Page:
I don’t think most entrepreneurs start businesses just to make lots of money. They do it for the freedom to manage their own lives. They know they might get rich or make more money than working for somebody else, but that’s not what drives them.
You advise would-be entrepreneurs to carefully manage operating capital. Don’t most entrepreneurs do that?
Some people aren’t careful about how they use their resources. For example, a company I just saw advertise on the Super Bowl: I don’t know what their product is, whether it’s needed or who they are. What are they doing advertising on the [expensive] Super Bowl? The answer is that they’re venture-backed, and the strategy is they’re going to push like crazy and open the world to their brand and what they’re selling. But how effective was that ad? If the company doesn’t exist a year from now, it’s because they just blew about $15 million on a Super Bowl ad. Instead, maybe they should have done some trial marketing or an ad or two in New York, where there’s a concentration of demand.
You write that an entrepreneur needs to figure out their “burn rate.” What’s that?
Every business has to consider two things: the income coming in and the expenses of what’s required to keep the business going. The difference between expenses and insufficient revenue to pay for the cost of the company is the burn rate: you’re burning up your capital. The game is to keep getting those sales up and keeping expenses under control so that you don’t burn off capital.
That could very well apply to financial advisors making the stressful transition to operating on their own.
Yes. It’s very stressful because they’re not sure what clients will come with them. They have to get an office that looks credible [and incur other costs]. So they’re basically going to have to live out of their savings for a while. That’s all part of the cost of starting a company.
Please talk about how the entrepreneur’s role changes over time.
First, someone starts a company — and it’s doubtful whether it will survive and keep going. Then, if it’s successful, they may find themselves switching over from the starter of the business to the manager of a much larger business. In the case of financial advisors, they’re not sure the first year or two if their clients are coming with them, and they’ve got to recruit new clients. However, there are lots of advisors who have grown into billion-dollar firms and manage their own funds. But all of them had a period of time when they moved from instigator of starting a new company to manager.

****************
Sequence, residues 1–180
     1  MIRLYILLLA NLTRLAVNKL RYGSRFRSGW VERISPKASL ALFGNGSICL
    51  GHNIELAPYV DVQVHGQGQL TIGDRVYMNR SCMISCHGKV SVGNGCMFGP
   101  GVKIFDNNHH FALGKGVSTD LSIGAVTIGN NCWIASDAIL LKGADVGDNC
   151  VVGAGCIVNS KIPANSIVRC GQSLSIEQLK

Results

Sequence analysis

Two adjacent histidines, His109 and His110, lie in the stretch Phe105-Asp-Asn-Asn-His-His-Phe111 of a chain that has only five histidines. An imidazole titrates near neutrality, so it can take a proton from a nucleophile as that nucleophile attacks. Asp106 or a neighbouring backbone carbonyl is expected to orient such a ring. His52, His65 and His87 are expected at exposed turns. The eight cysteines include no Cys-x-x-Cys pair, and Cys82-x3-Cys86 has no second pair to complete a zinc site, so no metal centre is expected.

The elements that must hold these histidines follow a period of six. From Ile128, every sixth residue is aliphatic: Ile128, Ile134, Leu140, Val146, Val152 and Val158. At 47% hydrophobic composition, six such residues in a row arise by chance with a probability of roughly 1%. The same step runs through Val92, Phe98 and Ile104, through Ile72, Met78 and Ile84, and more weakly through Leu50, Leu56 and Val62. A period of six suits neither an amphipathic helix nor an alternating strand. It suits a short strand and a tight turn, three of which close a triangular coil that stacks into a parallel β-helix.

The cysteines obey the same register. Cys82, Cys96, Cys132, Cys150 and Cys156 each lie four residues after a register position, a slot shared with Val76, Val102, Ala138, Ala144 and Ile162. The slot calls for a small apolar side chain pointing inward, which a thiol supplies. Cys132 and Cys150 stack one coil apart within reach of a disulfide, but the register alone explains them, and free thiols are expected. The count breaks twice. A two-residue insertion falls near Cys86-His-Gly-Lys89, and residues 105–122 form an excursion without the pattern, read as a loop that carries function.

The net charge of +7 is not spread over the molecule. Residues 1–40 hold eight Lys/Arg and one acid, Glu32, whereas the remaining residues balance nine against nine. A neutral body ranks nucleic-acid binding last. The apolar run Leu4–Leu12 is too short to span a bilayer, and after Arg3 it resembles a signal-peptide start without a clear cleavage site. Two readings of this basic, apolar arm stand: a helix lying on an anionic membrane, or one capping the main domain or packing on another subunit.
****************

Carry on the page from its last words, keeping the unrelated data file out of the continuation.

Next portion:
You write that four out of five startups fail within their first 10 years. How does one avoid failure?
By not starting a company with a bad idea. Think about your startup as an innovation platform. Secondly, you have to be in charge of yourself and throw yourself into it fully. You need to have a full-time, full-focus commitment. The third thing is that you have to watch market signals: If the initial plan or product isn’t selling, you’d better quickly think about pivoting to something else.
But a financial advisor manages assets and gives financial advice. That’s their profession. They’re unlikely to switch to a different one.
Right. They can’t because that’s their skill. The best prescription for a financial planner is to first study the big company in which they’re [probably] working. That way, they can learn what’s necessary to run a small business. Then it becomes accurate self-assessment: Is your book of business really your book of business that you recruited? Or did it come to you because you were in a big firm with their brand over the door? If you’re not sure that you can bring a brand that will [create] sufficient revenue to support your company, you probably aren’t cut out to be a free-standing financial advisor.
Why do most startups fail?
The presumption is that they don’t have enough money. My feeling is that with good ideas in the hands of a good entrepreneur, the company may have shortfalls and pinching periods — but they’ don’t run out of money. I think the most [common] reason for a company’s failing is that the entrepreneur’s idea wasn’t good enough.
Any other myths that you care to bust?
One big myth is that starting a business is a young person’s game. The average entrepreneur is actually 39 years old [vs. image of super-young techies]. In the area of financial planning, nobody in their right mind would go to a planner who’s only 21. They couldn’t possibly know anything. Customers would be crazy to turn their money over to them.
Some planners who are about age 30 are catering to millennials. They have virtual practices and report good results. They consider themselves to be entrepreneurs. What’s their chance of success?
It might be high. It all depends on how the market would react. Some of those [practices] look kind of dubious to me, though, because they’re trying to do everything algorithmically. That may look like something cool right now — artificial intelligence and whatnot. But as many have observed about the recent horrendous drops in the stock market, that was basically automated-trading [based]. So clients may say it’s okay to have algorithmic thinking built into my car, but I’m not sure I want autonomous thinking built into my stock portfolio.
You note that, in a study, the Kauffman Foundation found 35% of all entrepreneurs to be dyslexic. Some prominent business people with dyslexia are Charles Schwab, Richard Branson, Ross Perot and, probably, Henry Ford. Why do such folks become entrepreneurs?
The research seems to indicate largely that they don’t want to work with a set of rules that come with a big company. They want to work inside their own world.